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Logan Polfuss embraced adventure and pushed boundaries day-in-and-day out. He preferred taking calculated risks to making empty excuses.
But on October 18, 2018, Polfuss had his last earthly adventure. His body was found in a field outside of Vance Brand Municipal Airport in Longmont, Colorado on the morning of October 19, following a skydiving trip the previous day from which he did not return. He was just 23.
Despite his youth, Polfuss lived more life than most of us will in twice his years.
At 13, Polfuss ran his first marathon. By 14, he completed his first 50-miler: Dances with Dirt Devil’s Lake in Baraboo, Wisconsin, finishing 12th. By 18, he’d run seven distances of 50K or longer, including the Ozark Trail and Zumbro 100-milers. He finished 12 peaks of the epic Nolan’s 14 just shy of 60 hours and completed the Tuscobia semi-supported winter ultra in northern Wisconsin three times (75-mile, 150-mile and 160-mile).
From, Milwaukee, Wisconsin to Boulder, Colorado, Polfuss touched the lives of so many, while blissfully running through the forests, mountains and prairies; news of his death has sent shock waves through the ultrarunning community.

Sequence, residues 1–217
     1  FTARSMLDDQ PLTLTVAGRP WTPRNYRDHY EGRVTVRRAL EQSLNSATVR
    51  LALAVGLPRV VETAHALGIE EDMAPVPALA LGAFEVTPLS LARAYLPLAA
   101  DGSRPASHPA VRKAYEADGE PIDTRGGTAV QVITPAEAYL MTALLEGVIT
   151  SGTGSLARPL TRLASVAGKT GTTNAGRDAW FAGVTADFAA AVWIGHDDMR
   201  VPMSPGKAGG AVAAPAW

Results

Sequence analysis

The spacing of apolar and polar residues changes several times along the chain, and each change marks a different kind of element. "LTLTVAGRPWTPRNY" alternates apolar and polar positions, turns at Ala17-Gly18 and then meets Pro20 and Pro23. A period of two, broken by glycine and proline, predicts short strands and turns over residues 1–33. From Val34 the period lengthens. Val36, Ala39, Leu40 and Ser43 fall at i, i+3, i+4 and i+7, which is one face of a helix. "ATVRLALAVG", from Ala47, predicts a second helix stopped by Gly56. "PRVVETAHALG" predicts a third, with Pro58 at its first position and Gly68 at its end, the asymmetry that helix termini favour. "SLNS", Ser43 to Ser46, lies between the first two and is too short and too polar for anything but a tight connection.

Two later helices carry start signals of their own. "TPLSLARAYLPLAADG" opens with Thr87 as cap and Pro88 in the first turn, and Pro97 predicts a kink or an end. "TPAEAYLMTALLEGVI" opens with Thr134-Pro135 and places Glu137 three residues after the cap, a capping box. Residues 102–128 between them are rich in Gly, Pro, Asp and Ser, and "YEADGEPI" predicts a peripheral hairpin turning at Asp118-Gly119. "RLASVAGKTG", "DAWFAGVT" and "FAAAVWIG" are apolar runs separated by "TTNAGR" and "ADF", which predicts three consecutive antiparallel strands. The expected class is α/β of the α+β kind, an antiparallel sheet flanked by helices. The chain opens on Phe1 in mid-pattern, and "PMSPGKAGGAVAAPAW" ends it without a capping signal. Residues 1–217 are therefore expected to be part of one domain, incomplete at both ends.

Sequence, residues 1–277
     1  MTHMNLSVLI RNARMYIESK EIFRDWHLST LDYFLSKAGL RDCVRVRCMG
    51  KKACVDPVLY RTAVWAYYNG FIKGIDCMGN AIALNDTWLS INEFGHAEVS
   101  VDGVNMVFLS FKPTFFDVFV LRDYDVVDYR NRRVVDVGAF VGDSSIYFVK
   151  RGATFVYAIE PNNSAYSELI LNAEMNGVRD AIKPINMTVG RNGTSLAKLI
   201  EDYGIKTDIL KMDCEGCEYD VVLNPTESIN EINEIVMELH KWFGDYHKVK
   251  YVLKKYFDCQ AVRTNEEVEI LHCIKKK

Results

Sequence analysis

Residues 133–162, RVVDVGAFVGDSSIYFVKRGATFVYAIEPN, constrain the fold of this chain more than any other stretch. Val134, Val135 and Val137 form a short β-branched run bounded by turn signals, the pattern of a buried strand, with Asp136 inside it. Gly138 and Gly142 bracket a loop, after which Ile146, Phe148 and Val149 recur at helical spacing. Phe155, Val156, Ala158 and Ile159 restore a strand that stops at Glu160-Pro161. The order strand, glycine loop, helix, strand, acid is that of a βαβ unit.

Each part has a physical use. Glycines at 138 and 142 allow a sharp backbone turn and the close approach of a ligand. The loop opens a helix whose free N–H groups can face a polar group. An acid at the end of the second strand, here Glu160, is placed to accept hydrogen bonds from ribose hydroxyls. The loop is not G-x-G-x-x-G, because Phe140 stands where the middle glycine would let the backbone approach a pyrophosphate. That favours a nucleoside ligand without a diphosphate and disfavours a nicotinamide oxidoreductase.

“We meet thousands of people in our lives, make many friends, but only a handful can touch us at that particular spot in our heart and put a permanent impression which, in many ways, shapes who we are and who we will become,” Arun Sarkar, a Milwaukee-based ultrarunner posted on his Facebook page on October 21. “Logan Polfuss […] was (and still is) one of my closest friends, more like a brother.”
Those who knew Polfuss say he was so full of light, he could brighten any room.
“He just made you want to stop what you were doing and make sure you were living and happy, and if you weren’t, what were you doing to change it?” says Heather Moore, an ultrarunner in West Bend, Wisconsin, who considered Polfuss a brother, a best friend and a son. Moore, like many of Polfuss’s friends, was nearly twice his age, but the two shared a deep bond. Other friends described a similar connection to him, despite an age gap.
Each describes a goofy, humble kid with a big smile, limitless energy, boundless compassion and a hunger to go after whatever he set his mind to. He could muster a smile even in the darkest depths of a race, and draw smiles out of others.
“He was just a positive force in the community and such an impactful character,” says Boulder-based Jeremy Hendricks, who first met Polfuss at a Sherpa John fat ass run in 2014. “He lived in a way that most of us admire and admittedly in a way that some us fear, too.”
That’s because for Logan, “I can’t” or “I don’t have the time” were not part of his vernacular. This sometimes challenged those around him.
Every day with Logan was full of potential.
“I think many of us are fearful of getting outside our comfort zones and we are not always willing to expand ourselves in the ways that he was always questioning,” says Hendricks. “He inspired me to tap into places of myself that I would have to sit with and think about why I was keeping myself from doing things that are scary.”